God turned over the garden to Adam, but there was one exception and what was it? The tree of the knowledge of good and evil. So even though derivative ownership was handed over to Adam for that garden, Adam did not have absolute ownership of the garden. And to make Adam cognizant of the fact that his ownership was derivative and not absolute God said I have the right to restrict your ownership, and you do not own the tree of the knowledge of good and evil; I own that. And by making just that one exception, how many trees were in the garden? I don’t know, maybe a thousand trees in the garden of Eden, so this is one one-thousandth of the garden of Eden, but it’s still a limited piece of property which tells Adam every time that he didn’t totally own things. You own them by My permission. So that’s the concept now between absolute ownership and derivative ownership. So by giving a limited incursion, what God is doing here in verses 23-24 is showing that ownership of the vineyard and the ownership of the field in which the grain was growing is not absolute.

Let’s go now and we’ll see how this plays out in the Old Testament. Last time, remember oath, we traced it through 400 years of Israelite history to show you the power and the reality of oaths. Now we’re going to do the same thing with property and we’re going to turn to a famous incident in 1 Samuel 21. So if you’ll turn to 1 Samuel 21, this is the passage that causes commentators to fall all over themselves in emotion, because it’s one of those cases where David deceived and lied. So this is one of those passages that makes commentators very uneasy because of a moral issue that’s in the text; why they get so upset about Rahab when Rahab is viewed in Hebrews 11, obviously as a woman of faith and commended for her faith that was shown in her treachery, treason and lying. And people say well how can you justify lying? Well, the answer is the context of when Rahab lied. She lied in the middle of war, it was a holy war between Israel and the Canaanites and she committed treason to the Canaanite population and became allied to Israel. And as Israel in a military conflict, deception is part of the military tactics. So lying and deception go on all the time.

When you have war you’re going to have lying, deception and deceit; that’s the corollary. Those are legitimate tactics given a wartime situation. I mean, after all, in World War II when Eisenhower wanted to hide the site of the landings in Europe what did he do? He knew the Germans were looking at General Patton so he constructed a total deceptive army that didn’t even exist, but they had radio traffic that they knew the Nazis were watching and listening and so they created a fictitious army under George Patton that was going to invade Europe at a totally different place. And it was a deception, a lie, but it was in the middle of war. So we’re not saying that integrity of language, I mean, after all, the Bible is for integrity of language, but in the time of war you have deception.

Well now here we’ve got another situation, similar to that of Rahab. And it starts out in verse 1, “And David came to Nob, to Ahimelech the priest. And Ahimelech was afraid when he met David, and said to him, ‘Why are you alone, and on one is with you.” See, the background there is at this point Samuel Saul is still king; the Saulite dynasty reigns, but God has taken the Spirit away from that dynasty and given it to David. How do we know? Because in chapter 16, notice this is chapter 22, in chapter 16 the Holy Spirit has been transferring authority over to David. So David has already been prophetically designated as the king and he’s waiting for God to deliver the kingdom to him. And Saul has chosen, in his rebellion, because God is kind of greasing Saul’s slide, like He did Pharaoh. Saul is getting very, very angry, he feels betrayed because his own son, Jonathan, is in league with David. And so his son that would be the crown prince of Israel is turning against his dad, and Saul is really upset by this. And he sees David now, who’s a national hero, because of the Goliath incident, and his military success and prowess, and so here’s this top military hero of the day in league with his own son. And so dad feels betrayed, he feels angry, and very frustrated at this point.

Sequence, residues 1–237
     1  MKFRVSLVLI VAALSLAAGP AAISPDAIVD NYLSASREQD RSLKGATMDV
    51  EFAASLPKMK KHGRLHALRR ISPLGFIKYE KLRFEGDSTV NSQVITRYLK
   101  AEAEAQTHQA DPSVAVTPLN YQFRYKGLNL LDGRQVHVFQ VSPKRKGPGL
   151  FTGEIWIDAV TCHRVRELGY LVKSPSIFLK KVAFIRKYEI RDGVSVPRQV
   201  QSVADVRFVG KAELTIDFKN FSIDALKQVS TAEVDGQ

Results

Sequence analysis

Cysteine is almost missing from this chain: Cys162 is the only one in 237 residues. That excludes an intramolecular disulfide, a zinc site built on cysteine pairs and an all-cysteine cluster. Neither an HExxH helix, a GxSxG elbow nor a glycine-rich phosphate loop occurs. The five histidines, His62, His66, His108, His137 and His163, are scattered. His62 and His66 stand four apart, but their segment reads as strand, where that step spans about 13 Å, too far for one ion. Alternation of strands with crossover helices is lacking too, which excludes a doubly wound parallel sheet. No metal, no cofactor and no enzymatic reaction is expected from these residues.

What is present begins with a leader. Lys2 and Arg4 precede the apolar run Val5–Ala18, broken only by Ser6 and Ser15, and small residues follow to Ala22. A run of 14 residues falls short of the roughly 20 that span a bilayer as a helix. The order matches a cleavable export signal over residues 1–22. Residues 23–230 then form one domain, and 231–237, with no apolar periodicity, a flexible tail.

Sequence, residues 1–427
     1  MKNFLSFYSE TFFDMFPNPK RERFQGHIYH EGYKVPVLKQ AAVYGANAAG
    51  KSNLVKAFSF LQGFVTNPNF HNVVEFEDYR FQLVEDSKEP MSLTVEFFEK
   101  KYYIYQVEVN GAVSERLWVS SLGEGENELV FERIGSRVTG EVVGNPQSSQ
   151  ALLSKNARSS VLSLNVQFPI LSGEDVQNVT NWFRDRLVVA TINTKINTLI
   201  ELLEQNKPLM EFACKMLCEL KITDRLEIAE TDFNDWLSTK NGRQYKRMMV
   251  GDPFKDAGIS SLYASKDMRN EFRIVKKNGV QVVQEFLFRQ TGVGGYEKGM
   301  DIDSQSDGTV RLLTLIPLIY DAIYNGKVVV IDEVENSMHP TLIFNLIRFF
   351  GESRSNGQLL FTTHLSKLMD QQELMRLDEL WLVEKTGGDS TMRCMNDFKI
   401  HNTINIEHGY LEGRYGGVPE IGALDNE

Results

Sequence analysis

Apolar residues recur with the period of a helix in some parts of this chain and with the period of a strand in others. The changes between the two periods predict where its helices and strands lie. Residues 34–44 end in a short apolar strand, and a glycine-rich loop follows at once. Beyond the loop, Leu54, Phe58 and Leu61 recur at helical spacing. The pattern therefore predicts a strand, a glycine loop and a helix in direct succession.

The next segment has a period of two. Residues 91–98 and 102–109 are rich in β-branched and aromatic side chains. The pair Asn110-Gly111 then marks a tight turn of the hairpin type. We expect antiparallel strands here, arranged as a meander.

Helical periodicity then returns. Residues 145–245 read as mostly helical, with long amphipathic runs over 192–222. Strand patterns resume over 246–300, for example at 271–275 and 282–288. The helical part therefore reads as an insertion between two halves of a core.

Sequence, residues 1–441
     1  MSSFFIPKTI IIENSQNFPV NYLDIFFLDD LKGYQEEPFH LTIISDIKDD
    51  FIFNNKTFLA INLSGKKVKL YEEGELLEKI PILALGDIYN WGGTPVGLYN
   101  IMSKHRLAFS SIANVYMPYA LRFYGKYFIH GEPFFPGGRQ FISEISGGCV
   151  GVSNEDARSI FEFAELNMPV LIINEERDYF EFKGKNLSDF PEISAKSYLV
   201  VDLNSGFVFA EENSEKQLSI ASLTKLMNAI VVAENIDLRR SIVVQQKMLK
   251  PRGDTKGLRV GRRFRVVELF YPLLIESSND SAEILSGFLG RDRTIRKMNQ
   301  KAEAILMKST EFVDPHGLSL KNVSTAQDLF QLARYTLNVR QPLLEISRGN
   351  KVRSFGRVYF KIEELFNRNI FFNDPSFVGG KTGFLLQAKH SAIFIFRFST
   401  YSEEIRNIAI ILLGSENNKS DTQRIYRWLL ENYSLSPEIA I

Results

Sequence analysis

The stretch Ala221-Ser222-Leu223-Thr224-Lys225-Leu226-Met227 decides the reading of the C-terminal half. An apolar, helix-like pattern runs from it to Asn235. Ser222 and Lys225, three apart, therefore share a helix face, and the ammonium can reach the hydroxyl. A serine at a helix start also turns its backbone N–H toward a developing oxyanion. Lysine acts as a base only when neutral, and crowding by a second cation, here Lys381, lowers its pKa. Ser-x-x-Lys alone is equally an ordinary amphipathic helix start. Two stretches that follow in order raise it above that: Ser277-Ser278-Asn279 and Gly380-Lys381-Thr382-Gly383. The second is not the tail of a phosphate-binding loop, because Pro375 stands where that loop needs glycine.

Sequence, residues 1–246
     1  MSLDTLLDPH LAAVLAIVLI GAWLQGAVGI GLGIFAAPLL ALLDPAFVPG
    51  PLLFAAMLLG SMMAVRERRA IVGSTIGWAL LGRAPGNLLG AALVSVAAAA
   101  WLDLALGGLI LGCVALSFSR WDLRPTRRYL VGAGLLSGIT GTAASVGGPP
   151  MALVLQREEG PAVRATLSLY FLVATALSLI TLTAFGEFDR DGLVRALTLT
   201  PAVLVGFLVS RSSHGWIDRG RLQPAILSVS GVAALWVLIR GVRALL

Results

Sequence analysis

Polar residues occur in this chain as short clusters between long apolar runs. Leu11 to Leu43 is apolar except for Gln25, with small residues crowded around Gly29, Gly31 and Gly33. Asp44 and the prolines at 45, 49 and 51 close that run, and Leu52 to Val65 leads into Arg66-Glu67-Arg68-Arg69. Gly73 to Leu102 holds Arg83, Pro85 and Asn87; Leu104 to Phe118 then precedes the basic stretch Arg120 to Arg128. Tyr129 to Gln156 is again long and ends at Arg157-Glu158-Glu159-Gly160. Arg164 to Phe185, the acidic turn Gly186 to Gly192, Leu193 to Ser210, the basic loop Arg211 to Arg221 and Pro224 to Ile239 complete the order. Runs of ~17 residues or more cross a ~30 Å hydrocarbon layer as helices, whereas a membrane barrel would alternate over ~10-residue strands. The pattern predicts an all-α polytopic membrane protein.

So in the book of Samuel there are several attempts Saul makes on David’s life. He tries to kill David six or seven times here, so he’s going after him. So now they’re in what is in effect a political dynastic war going on between the house of Saul and the house of David. So that’s the context. Now Abimelech is caught in the middle because he’s the priest at the tabernacle, and he knows David is the commander, David has a bunch of guys with him and he can’t figure out why is David alone. So now he’s afraid because oh-oh, I’ve got a political problem now. If I help David out I’m going to alienate Saul, and if I don’t help David I’m going to irritate David and now I’m in trouble with David.

[2] “So David said to Ahimelech, the priest, ‘The king has ordered me on some business, and said to me, don’t let anyone know anything about the business on which I send you, or what I have commanded you.’ And I have directed my young men to such and such a place.” [3] “Now therefore, what have you on hand? Give me five loaves of bread in my hand, or whatever can be found.” Now there’s where the commentators get all upset that well David is lying to Saul at this point, he’s misleading Saul, he’s not on the king’s business. The king is Saul, so he thinks, but there’s sort of a double meaning here, because who’s the real king of Israel? It’s Yahweh, and so in one sense you could say David is being sort of sneaky here, he is on the King’s business, it’s King with a capital K, not Saul. But it is deception; he is misleading Ahimelech. But, he is making a claim, in this misleading thing, that he is on royal business. Now keep in mind the incursion issue here.